Interview with Bill Dembski (touches on Dover Trial, problems of ID, other topics of broad interest)

Given the ongoing interest here in the history of the 2005 Dover Trial and its impact on the public and scientific perception of ID, this recent interview with Bill Dembski (conducted by my Biola colleague Sean McDowell) will be informative:

A fact I learned from this interview, which I’m filing in the Random Things Which Make Paul Feel Really OLD drawer: Bill’s son Will Dembski is now an undergraduate at Caltech. I remember when Will was born.


I had watched it earlier.

At 45:00 - one of the more interesting parts:
His explanation of agreeing to be an expert witness at the Dover trial: “If a patient is going to commit suicide at least let a doctor be there with him…that was my attitiude - help the Thomas More Law Center…help them through as they commit suicide.”


1 Like

That is pretty ugly!

Can you tell me if he discussed the academic discrimination he experienced at Southwestern Baptist Theological Seminary for suggesting the story of Noah’s Ark might not be literally true and the earth might actually be much older than 6000 years?


Dembski withdrew as an expert witness at Dover (because the defense lawyers, who were his employers in this, were unwilling to accede to his unreasonable request to have his own lawyer at his deposition). So he ran away and made an animated fart-video mocking Judge Jones. (see for example here.)

Why then should we give him any credibility on this issue?


Yes, he discussed that. Do you want me to find the time stamp?

Bill mentions near the end of the interview that he co-wrote a book about Steve Dalkowski, purported to be baseball’s fastest pitcher (albeit with severe control problems which prevented him from rising to the top ranks of the game):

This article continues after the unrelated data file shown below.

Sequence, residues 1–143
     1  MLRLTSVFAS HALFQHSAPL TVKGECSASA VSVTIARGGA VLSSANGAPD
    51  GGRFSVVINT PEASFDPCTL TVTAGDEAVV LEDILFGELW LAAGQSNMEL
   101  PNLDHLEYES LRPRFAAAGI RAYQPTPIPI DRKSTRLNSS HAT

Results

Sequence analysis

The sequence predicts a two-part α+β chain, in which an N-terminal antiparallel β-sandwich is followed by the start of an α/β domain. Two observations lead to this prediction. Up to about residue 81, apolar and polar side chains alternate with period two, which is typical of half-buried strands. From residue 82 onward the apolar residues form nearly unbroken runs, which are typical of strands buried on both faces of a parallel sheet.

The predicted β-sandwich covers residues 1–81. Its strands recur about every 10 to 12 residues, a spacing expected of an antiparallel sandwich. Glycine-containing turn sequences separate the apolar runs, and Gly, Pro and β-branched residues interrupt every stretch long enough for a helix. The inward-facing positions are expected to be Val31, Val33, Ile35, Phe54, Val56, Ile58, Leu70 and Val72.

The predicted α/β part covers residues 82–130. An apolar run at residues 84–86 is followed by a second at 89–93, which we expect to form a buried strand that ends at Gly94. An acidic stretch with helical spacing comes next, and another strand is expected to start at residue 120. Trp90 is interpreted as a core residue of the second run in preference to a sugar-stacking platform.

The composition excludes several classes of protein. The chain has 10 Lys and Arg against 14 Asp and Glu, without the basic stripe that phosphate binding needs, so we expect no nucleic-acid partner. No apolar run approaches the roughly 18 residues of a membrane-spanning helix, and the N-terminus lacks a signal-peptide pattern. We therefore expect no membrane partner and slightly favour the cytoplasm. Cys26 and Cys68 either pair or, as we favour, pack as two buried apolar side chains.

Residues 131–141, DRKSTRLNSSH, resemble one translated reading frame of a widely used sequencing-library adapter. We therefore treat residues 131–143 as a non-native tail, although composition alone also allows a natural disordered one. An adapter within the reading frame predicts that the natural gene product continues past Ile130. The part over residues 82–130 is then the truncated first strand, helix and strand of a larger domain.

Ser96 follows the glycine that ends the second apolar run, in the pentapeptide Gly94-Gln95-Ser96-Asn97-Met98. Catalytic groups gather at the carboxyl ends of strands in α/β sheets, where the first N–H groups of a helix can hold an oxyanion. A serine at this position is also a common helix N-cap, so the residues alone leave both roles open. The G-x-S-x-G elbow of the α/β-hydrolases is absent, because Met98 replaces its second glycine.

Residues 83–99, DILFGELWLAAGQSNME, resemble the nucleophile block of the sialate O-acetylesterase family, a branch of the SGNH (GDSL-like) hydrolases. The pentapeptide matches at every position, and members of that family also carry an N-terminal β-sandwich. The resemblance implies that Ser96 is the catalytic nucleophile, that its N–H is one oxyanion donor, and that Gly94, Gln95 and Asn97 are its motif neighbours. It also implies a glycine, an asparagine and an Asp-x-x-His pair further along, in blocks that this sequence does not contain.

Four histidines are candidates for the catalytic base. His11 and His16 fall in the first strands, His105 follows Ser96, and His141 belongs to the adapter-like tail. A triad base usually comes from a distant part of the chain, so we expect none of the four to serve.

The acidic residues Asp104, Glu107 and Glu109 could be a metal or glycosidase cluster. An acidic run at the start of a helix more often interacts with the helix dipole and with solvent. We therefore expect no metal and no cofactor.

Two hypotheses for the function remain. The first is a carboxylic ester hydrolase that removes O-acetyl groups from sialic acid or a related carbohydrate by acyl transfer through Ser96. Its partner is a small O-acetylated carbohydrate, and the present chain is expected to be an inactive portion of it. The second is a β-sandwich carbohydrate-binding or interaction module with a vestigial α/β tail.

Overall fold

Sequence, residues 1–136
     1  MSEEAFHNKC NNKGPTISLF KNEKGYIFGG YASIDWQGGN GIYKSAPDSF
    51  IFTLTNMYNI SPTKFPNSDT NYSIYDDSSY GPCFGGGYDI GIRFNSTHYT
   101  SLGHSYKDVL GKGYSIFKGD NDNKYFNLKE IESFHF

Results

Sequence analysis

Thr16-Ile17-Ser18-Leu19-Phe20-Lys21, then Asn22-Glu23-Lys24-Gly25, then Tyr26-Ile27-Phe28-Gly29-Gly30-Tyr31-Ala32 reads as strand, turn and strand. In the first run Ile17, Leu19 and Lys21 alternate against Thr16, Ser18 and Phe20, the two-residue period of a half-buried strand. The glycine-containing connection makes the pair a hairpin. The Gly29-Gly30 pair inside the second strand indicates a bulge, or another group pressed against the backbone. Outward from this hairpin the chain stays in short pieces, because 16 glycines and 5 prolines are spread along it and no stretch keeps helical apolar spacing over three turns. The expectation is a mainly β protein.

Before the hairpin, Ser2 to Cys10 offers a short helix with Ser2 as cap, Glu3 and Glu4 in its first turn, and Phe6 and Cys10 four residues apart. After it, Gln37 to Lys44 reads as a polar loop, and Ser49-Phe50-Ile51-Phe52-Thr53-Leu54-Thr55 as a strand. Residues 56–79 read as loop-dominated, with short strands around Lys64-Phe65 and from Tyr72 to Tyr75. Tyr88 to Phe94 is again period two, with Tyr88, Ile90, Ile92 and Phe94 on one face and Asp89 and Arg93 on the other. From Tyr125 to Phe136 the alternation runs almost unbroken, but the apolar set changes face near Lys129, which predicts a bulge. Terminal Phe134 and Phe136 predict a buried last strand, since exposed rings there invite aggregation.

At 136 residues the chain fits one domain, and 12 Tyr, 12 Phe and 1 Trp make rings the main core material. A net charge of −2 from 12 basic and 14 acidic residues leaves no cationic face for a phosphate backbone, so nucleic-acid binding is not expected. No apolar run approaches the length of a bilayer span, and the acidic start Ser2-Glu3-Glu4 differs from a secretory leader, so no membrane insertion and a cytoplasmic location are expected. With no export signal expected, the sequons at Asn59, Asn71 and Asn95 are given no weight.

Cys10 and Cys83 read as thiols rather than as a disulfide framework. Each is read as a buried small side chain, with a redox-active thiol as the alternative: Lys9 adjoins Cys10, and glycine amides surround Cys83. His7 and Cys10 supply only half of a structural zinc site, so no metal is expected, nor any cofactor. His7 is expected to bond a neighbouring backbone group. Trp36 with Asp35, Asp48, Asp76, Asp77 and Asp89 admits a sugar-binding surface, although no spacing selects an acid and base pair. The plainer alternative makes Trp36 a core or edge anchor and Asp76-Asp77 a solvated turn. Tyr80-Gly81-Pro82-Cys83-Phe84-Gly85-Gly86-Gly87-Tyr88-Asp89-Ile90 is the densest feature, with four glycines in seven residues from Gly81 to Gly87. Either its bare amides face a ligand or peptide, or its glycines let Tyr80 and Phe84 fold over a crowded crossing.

Looks interesting. Turns out that Bill’s son Will, following up on a distinguished HS record in Iowa, now pitches for the Caltech Beavers:

Faizal, Bill talks about his conflicts with the YEC hierarchy at the schools where he worked. I don’t have the time stamp, sorry.

1 Like

Yes, thanks.

Thanks for this, @pnelson . A few comments:

  1. Dembski expresses disappointment about the lack of progress that ID has made, at least as far as acceptance and accomplishment. He rightly recognizes as part of the problem the fact that ID has been as much about culture as science. I don’t believe that the ID community really appreciates how much of an issue this really is. This is a much bigger load of baggage for ID-friendly scientists than any sort of religious affiliation. As long as being aligned with ID equates with the cultural ideas and politics expressed on Evolution News (Dembski identifies this as the mouthpiece for the ID movement, in a manner of speaking), there will be pushback in the broader scientific community.

  2. Dembski mentioned that the DI is supporting research in some labs. It’s too bad that they weren’t doing this when Gonzalez was up for promotion at Iowa State. I have wondered - if the DI had committed to a 3-5 year package of support (student tuition and stipend, research support, travel, and full indirect costs) for Gonzalez around the time of promotion, would he have been promoted?

  3. Dembski mentions ID 3.0. @pnelson, care to offer a glimpse? Coming attractions?

  4. The smiles! Demsbki seemed very at ease. Very different from when he visited Kentucky many years ago (I don’t recall a single smile at his presentation, but rather a very tense and angry young man). I think he has seen some trying times and seems to be in a good place mentally and spiritually.